In Review: Elite Dangerous (PS4)

For those not educated about Elite Dangerous. It is a space trading and flight simulator game in which you chart your own course.

Review: Since it was released in December of 2014 I have been wondering if Elite Dangerous would eventually make it onto the consoles and last week. The game hit PS4 and I was on the case.

For those not educated about Elite Dangerous. It is a space trading and flight simulator game in which you chart your own course. You start out with 1000 credits and a sidewinder ship with a small cargo bay and some weaponry and set out on an adventure of your own choosing.

Once more the game has been developed by David Braben who created the original version and the 1994 Frontier Elite game, which sadly I never got to spend much time on.

As one of those old enough to remember playing the original Elite game from 1984. This had some pretty big boots to fill, and fill them it has. To the point of overflow.

Elite Dangerous takes everything that was good from the 1984 original and improves it.

The game takes place in a world where there are over 4 billion star systems. Its a huge world with tons of possibilities. You can even visit Earth if you like and explore our own solar system or you can go much further.

The game allows for you to take on various roles. I chose that of space trader because it is the safest option. But you can become a smuggler, bounty hunter, pirate or an explorer. Its entirely up to you.

The game has a bit of learning curve when it comes to learning how to dock with space stations and the like, but the PS4 game has some great training missions and videos for you to use before going into the main game.

Various styles of play are available from Solo Play and Open play.  The best option to start with is Solo play so you can get used to the controls and go about your business in relative peace.

I’ve been playing this on and off for most of the weekend and I am as hooked on this version as I was on the original 1984 version of the game.

What makes it so much better is the fact that you have open play and various different communities who enjoy the game that can support and advise you.

After just a few days play. I have been through countless tutorial videos and web links talking about trading, bounty hunting and various other things to do with the game.

This game is seriously addictive and is likely to burn hours of your time.

No Instructions

The only issue I have had with the game is the fact that the PS4 version did not come with any instructions. You literally have to learn the various different controls as you go. But you can customise them to a point once you know what you are doing.

All that said. I was still a bit disappointed that the game did not have a user manual for the console, but once I figured things out I soon got over it.

Game Play

Once you learn the controls. The game play is very open and quiet intuitive and addictive. I’m sort of on the trading path with it right now and have brought my first ship.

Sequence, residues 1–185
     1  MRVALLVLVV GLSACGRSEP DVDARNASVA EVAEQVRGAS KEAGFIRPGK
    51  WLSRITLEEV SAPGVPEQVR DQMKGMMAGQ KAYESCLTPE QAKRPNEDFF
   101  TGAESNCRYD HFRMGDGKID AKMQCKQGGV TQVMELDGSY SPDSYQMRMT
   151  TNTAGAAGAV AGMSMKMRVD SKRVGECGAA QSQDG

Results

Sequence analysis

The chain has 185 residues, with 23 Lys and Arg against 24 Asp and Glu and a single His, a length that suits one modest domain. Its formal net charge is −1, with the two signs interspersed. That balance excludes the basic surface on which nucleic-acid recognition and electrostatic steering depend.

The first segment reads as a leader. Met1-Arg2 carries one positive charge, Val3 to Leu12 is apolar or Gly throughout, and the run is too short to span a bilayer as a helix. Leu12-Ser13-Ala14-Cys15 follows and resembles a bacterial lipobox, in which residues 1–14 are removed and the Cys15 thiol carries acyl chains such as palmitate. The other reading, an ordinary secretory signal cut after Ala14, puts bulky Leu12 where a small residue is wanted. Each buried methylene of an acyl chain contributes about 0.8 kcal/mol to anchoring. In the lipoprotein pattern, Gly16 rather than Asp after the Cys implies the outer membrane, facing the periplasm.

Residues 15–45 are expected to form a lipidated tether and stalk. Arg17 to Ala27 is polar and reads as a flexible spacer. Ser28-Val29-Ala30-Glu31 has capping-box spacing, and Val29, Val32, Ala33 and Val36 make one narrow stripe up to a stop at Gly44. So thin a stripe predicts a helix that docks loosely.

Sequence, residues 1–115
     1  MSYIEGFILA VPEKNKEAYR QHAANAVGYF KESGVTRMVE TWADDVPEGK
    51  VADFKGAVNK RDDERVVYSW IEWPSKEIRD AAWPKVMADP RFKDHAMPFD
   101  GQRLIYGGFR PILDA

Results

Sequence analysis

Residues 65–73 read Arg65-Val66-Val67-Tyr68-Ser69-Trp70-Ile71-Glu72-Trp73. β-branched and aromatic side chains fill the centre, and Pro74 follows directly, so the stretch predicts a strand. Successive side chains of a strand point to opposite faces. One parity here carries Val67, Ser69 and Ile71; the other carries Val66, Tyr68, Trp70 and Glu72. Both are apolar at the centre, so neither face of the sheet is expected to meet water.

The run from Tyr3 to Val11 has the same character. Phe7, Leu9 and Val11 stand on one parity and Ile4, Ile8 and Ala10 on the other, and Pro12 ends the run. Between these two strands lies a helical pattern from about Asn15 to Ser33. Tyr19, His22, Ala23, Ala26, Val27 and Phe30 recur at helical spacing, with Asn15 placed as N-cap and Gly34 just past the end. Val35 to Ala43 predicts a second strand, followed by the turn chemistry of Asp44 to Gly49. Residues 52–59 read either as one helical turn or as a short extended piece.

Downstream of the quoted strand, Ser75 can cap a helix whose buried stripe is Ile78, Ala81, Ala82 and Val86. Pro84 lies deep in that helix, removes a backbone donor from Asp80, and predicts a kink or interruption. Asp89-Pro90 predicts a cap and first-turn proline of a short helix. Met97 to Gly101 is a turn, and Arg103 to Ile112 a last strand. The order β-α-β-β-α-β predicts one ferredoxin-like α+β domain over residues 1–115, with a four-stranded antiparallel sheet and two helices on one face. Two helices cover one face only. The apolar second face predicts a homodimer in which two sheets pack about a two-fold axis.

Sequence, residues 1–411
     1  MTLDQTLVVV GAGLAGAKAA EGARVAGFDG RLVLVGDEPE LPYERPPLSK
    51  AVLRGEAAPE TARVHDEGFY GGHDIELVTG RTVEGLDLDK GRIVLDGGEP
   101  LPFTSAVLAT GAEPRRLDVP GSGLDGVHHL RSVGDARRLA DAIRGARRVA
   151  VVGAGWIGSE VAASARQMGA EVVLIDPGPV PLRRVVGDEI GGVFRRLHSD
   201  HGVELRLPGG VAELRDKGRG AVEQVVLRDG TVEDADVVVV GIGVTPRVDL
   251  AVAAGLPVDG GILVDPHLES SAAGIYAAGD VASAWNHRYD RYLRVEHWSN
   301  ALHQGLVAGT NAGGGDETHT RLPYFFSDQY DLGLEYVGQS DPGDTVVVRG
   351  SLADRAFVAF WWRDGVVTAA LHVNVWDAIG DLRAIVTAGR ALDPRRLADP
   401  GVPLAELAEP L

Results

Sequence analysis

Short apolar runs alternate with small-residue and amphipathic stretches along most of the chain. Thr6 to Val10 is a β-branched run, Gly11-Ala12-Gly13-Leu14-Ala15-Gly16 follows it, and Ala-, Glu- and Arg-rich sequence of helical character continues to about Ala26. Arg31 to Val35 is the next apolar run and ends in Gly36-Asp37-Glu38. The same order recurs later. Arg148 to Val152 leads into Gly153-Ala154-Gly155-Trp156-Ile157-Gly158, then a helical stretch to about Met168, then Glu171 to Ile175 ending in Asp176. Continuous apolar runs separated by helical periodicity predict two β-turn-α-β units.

You can customise your ships load out to what best suits your style of play. For example if you are worried about running out of fuel. You can equip yourself with a ramscoop, which you can use to gather fuel from a nearby star. If you are not confident when it comes to docking. You can get a docking computer. But best of all is the fact that you can upgrade your cargo hold or your hyperdrive and weapons systems.

So there are endless possibilities.


Although they are not the best I have seen. The graphics on the game are fantastic. I love the designs and the attention to detail on the various space stations and ships that you’ll encounter along the way.


Over all. Elite Dangerous lives up to its name. It is dangerously addictive and offers up endless opportunities to the gamer that is prepared to invest the time and effort in building their reputation. The team at Frontier should be very proud of what they’ve achieved here.


Elite Dangerous
  • Game Play
  • Graphics
  • Sound Effects
  • Controls

Ian Cullen is the founder of and has been a fan of science fiction and fantasy from birth. In the past few years he has written for 'Star Trek' Magazine as well as interviewed numerous comics writers, television producers and actors for the SFP-NOW podcast at: When he is not writing for Ian enjoys playing his guitar, studying music, watching movies and reading his comics. Ian is both the founder and owner of You can contact ian at:
3 Comments on this post.
  • Darrels
    8 July 2017 at 8:58 pm -

    Some feedback: there are 400 billion stars (100 billion star systems) in the Milky Way Galaxy and it’s called a “fuel scoop” (not ramscoop). It’s called Frame shift drive (not hyperdrive)

    • Ian Cullen
      8 July 2017 at 10:51 pm -

      Thanks for the feedback. Admittedly. The 400 Billion Stars on my part was a type. Hyperspace or hyper drive as I put it was more in reference to what the frame shift drive does. The review was literally based after just a couple of hours of game play. Since writing it have escaped an interdiction, destroyed a few pirate ships and travelled a few 100 light years.

      • Darrels
        9 July 2017 at 10:34 am -

        Alright. I like your review and I think it would look better if you added more information. Such as describe more about the various aspects of the game.